Schools and colleges
Discover how we work with schools – from primary through to sixth form – to provide lectures and hands-on workshops, both at your school and on the University of Surrey campus.
If you're interested any of these workshop then please get in touch to book at email@example.com.
Events by level
Pre-school and early years
We run a storytelling session for pre-school and early years children throughout the academic year.
Recommended for ages three to five.
Join our storyteller for a tale about a little girl called Molly who wants to learn more about the friendly Moon in the night-time sky. Suitable for little ones who are prepared to sing, play and have fun together as we learn all about our nearest neighbour in space. We will explore why the Moon changes shape throughout the month and use play-doh to imagine what we might find if we travelled to the Moon.
We run various activities for primary school students throughout the academic year.
A number of simple experiments (PDF) that can be done with your primary school students.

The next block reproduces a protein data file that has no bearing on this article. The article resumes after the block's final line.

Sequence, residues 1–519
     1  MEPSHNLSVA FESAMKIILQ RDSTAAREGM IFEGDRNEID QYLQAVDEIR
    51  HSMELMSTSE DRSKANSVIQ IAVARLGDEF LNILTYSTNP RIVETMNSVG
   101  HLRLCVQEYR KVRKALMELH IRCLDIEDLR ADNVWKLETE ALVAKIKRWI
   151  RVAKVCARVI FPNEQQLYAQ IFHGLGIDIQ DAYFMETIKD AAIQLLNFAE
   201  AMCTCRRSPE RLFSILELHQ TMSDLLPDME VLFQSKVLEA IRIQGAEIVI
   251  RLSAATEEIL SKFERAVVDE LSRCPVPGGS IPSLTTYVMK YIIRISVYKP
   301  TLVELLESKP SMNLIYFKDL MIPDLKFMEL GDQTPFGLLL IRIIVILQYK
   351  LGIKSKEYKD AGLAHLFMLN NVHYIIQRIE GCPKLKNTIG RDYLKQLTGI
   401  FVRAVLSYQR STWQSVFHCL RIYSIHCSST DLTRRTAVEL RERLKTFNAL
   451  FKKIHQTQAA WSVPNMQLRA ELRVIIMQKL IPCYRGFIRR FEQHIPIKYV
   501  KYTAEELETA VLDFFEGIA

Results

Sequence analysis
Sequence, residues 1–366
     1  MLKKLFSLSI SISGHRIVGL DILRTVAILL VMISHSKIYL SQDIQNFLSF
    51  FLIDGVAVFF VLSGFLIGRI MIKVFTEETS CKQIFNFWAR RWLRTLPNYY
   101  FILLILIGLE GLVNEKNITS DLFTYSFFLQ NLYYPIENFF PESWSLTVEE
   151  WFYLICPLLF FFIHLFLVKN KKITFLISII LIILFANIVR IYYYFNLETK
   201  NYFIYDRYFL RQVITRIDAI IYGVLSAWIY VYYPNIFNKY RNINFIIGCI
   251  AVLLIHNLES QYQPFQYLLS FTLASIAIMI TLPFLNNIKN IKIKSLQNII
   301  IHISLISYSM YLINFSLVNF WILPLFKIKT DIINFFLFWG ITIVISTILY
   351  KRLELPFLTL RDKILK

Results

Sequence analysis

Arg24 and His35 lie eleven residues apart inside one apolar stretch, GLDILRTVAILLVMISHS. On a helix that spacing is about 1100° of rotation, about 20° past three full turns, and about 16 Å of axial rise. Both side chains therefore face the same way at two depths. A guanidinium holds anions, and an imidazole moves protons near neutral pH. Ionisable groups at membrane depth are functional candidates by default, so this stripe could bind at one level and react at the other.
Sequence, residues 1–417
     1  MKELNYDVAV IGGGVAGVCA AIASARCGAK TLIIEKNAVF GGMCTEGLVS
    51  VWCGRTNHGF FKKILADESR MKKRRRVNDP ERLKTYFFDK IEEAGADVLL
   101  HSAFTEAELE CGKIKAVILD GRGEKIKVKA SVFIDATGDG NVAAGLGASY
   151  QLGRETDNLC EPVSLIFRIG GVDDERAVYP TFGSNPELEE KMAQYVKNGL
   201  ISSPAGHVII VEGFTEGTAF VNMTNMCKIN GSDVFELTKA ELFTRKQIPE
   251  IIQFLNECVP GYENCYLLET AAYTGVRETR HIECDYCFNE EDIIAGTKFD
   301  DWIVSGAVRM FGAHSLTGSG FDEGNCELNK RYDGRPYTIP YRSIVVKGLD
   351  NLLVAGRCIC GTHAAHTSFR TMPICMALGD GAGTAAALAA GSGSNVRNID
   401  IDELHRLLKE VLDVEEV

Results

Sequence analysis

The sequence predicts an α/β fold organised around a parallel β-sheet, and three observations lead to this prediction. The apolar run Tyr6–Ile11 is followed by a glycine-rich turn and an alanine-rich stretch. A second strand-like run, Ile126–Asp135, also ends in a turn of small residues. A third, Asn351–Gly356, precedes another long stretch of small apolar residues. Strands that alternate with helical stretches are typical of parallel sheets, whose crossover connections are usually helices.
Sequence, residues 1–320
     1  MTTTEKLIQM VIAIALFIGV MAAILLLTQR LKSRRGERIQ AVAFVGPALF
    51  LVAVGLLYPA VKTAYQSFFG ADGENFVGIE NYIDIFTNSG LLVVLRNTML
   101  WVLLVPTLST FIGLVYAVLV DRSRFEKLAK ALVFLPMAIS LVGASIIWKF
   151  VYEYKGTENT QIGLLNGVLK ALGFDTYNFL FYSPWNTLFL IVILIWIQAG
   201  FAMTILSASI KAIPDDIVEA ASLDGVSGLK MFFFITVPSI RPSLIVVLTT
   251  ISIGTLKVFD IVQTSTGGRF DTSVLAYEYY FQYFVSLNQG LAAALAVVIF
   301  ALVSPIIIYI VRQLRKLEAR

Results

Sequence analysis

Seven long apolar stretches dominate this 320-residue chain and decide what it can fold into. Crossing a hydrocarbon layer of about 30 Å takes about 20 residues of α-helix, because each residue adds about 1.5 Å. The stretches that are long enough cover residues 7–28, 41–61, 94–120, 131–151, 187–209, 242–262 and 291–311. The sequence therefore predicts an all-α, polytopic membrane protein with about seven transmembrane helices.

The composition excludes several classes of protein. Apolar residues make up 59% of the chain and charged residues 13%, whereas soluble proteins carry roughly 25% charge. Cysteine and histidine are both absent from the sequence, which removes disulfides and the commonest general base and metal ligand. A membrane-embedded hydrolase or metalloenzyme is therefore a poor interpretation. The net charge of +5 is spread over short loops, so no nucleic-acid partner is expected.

First British ESA astronaut to visit the International Space Station. During his mission he performed a space walk, ran the London marathon and helped conduct more than 250 micro gravity science experiments. Here about his mission and how to travel in to space.
The students will have the chance to design their own space station, make some interesting new discoveries in astronomy, a chance to ask as many space based questions as they can think of, plus space based quizzes and games, or even rocket building!
A half day workshop for up to thirty students is available on request at your school. The workshop includes the following:
- Interactive talks and demonstrations on the research that is carried out at the European Organisation for Nuclear Research, CERN